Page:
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Class 1 Preservatives vs. Class 2 Preservatives- All that you need to know

Eating healthy is easy as long as it concerns fresh produce and whole foods however, it can become a challenge to choose healthy foods among the packaged kinds.

How many times have you found yourself reaching for that packet of healthy digestives or gulped down a can full of pulpy fruit juice thinking it was all healthy but never really paid attention to the ingredients list?

It so happens, that no matter whatever “healthy” packaged food you go for, there are is a greater chance of you consuming a lot more than the food of your interest. Although, preservatives are not all bad and some are even necessary for certain products, how do you as a consumer avoid the harmful ones?

What are Preservatives?

By definition according to FSSAI, preservatives are the compounds used to prevent and retard the microbial spoilage of food. A substance which, when added to food is capable of inhibiting, retarding or arresting the process of fermentation, acidification or other decomposition of food.

What are Class 1 Preservatives?

Class 1 preservatives are common prophylaxes that are located in the general kitchen. These are natural preservatives that include salt, vinegar, sweets, seasonings & nectar.

What are Class 2 Preservatives?

Class 2 Preservatives are generally man-made & they are unnatural. They include chemicals like sodium benzoate, sodium meta-sulfide, Sorbates, etc. There are several restrictions in using Class II preservatives and more limitations are there in its practice.

Classification of Class I and Class II preservatives:

Class I preservatives

Class II preservatives

Common salt

Benzoic acids and its salts

Sugar

Sulphurous acids and its salts

Vinegar

Nitrates/ Nitrites of Sodium or Potassium

Dextrose

Sorbic acid

Glucose

Propionates of Ca, Na, lactic acid

Spices

Nisin

Honey

Methyl/ Propyl parahydroxy Benzoates Sodium Diacetate

Edible vegetable oils

Although, there is no restriction on the usage of any of the Class I preservatives, not all of Class II preservatives are harmless.

Suggested Read: Sugar Vs Sucralose Vs Stevia: What Is The Difference?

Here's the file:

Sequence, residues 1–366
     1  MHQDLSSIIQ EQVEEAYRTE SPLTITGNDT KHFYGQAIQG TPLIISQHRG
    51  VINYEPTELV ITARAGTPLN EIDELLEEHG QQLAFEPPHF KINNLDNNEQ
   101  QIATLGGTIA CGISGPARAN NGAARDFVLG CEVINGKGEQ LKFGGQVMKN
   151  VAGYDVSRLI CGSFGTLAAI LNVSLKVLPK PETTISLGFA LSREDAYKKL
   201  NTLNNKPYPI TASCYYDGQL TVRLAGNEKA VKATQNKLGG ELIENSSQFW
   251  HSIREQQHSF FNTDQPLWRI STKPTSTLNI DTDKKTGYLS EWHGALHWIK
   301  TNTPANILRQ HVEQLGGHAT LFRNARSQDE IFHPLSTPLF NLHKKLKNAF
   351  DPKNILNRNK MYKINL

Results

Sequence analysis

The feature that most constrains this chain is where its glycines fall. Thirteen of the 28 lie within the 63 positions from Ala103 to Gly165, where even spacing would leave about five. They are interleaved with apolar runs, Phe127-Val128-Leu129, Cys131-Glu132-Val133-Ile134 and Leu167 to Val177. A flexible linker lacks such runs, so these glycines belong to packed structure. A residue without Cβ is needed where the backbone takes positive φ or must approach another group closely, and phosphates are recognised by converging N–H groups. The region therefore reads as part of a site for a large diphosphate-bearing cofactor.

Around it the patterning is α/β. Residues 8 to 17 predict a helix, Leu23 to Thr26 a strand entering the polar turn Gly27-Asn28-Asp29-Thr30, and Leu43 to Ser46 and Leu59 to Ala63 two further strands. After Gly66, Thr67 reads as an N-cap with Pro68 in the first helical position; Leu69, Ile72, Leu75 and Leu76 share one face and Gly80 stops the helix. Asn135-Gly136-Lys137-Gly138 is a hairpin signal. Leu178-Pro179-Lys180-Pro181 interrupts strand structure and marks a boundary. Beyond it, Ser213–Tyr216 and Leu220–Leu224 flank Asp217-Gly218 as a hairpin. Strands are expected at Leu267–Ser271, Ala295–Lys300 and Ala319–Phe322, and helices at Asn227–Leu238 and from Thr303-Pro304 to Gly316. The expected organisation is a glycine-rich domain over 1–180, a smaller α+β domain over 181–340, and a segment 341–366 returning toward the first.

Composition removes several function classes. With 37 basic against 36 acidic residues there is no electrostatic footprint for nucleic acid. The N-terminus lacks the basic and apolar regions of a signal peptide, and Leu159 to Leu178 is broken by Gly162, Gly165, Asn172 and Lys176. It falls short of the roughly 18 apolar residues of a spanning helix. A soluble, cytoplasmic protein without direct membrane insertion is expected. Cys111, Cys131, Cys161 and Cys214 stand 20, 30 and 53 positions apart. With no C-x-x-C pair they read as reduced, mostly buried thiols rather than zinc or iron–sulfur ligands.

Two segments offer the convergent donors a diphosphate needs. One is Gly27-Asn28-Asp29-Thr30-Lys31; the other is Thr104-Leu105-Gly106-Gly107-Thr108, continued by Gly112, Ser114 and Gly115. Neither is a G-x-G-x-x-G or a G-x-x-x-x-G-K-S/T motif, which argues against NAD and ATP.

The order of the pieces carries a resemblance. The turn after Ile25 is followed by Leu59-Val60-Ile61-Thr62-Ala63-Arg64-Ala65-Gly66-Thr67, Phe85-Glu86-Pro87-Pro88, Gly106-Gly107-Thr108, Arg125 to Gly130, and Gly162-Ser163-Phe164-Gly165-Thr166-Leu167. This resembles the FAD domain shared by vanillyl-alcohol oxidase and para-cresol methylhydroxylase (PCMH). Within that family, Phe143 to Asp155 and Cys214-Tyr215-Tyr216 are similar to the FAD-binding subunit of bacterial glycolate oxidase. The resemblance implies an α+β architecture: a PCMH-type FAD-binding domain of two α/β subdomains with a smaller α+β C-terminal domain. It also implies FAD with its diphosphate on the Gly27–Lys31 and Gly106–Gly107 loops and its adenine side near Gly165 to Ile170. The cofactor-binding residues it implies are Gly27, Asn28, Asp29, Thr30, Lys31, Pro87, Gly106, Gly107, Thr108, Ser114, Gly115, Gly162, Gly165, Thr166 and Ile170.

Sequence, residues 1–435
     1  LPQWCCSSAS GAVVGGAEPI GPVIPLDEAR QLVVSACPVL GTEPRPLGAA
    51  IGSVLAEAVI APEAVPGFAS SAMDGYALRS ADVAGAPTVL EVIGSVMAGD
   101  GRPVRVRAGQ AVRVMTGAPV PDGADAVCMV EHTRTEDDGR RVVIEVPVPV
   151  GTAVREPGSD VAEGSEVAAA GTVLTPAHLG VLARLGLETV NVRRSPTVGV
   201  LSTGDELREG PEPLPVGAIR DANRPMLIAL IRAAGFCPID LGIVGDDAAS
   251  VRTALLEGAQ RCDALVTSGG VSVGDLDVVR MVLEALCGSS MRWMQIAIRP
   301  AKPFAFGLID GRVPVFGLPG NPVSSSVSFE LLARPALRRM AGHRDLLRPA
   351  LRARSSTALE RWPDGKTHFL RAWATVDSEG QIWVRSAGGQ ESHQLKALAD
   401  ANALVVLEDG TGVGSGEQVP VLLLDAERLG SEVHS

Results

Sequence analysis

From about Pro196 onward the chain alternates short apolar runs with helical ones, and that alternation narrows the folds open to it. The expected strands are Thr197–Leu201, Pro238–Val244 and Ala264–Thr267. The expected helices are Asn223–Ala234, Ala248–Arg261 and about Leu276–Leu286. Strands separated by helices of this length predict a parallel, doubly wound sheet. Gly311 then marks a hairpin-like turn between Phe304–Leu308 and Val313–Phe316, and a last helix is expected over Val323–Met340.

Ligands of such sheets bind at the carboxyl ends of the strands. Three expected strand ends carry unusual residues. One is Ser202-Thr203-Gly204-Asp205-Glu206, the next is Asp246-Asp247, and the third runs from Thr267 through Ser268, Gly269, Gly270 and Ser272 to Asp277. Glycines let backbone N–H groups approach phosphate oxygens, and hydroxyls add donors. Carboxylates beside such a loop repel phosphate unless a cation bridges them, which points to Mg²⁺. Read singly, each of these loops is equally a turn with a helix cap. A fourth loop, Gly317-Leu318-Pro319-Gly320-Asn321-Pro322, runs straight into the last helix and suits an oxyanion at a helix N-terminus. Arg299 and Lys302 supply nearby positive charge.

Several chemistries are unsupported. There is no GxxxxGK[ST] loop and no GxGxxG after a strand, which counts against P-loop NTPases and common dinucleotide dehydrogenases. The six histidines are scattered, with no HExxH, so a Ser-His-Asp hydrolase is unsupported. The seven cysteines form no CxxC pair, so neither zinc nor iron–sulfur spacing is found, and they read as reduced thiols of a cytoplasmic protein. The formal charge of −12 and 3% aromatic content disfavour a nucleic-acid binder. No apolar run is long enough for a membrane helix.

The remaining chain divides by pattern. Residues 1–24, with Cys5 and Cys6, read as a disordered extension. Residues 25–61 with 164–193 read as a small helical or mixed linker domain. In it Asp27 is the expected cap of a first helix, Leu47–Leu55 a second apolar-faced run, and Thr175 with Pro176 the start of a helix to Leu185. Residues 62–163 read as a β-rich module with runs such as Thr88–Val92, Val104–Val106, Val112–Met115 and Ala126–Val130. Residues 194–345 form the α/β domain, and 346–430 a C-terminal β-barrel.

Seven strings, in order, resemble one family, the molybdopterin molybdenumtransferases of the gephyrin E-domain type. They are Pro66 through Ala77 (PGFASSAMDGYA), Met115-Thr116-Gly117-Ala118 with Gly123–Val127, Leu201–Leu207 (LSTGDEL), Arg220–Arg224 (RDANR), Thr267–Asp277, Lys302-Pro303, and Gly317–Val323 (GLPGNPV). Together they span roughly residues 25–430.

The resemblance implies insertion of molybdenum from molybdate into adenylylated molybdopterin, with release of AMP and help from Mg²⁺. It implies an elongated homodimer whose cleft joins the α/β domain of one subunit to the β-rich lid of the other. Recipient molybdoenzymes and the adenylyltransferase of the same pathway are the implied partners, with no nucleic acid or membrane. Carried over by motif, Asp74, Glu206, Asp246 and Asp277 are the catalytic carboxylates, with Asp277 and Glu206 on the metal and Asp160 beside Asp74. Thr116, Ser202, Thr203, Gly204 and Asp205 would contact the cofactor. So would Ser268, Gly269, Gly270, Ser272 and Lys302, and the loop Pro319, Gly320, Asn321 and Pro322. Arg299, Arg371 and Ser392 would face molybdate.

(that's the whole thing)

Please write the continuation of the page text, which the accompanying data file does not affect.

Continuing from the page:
In any case, food preservatives are used only:

  • To preserve the natural characteristics of food
  • To preserve its appearance
  • To increase the shelf life and value of food for storage purpose

Furthermore, the preservatives are classified into various categories depending upon their nature and use.

  • Natural food preservatives: These include the class I preservatives that are traditional preservatives and are also used in any home-produced food items. Freezing, boiling, smoking, salting etc are also considered as some of the natural ways of preserving foods.
  • Chemical food preservatives: This category can be a mix of certain naturally occurring chemicals as well as synthetically generated chemicals such as Vitamin C, Antioxidants, etc. Most of the class II preservatives would come under this category, which are considered the best kind in terms of prolonging the shelf life of food.
  • Artificial preservatives: These are the substances used to prevent spoilage, discolouration and growth of bacteria in food. Types of artificial preservatives would include antimicrobial agents, antioxidants and chelating agents.

Suggested Read: 3 Easy Ways to Make your Salads Interesting While Keeping Them Healthy with Protein

Which Preservatives you must avoid?

Although, preservatives are added to prolong the shelf life of food, certain preservatives when taken in excess can cause more damage.

  • Benzoates: Usually used in tea, juices this particular preservative has been associated with triggering allergies, skin rashes, asthma and also brain damage in the long run.
  • Butylates: Found in butter, vegetable oils, spreads, etc. is known to cause high blood pressure and increase cholesterol levels.
  • Butylated hydroxyanisole: Used in fried chips, instant teas, instant cake mix, etc is expected to cause liver disease and can be carcinogenic in the long run.
  • Caramel: the colouring agent caramel can cause Vitamin B deficiencies, genetic defects.

Takeaway note:

While a lot of these preservatives have been deemed safe for consumption, some may be unsafe for long term consumption. And that is why it is a must that everyone read food labels. Reading food labels is a good way for consumers to educate themselves about various contents of a product and enables them into making healthier and safer choices.

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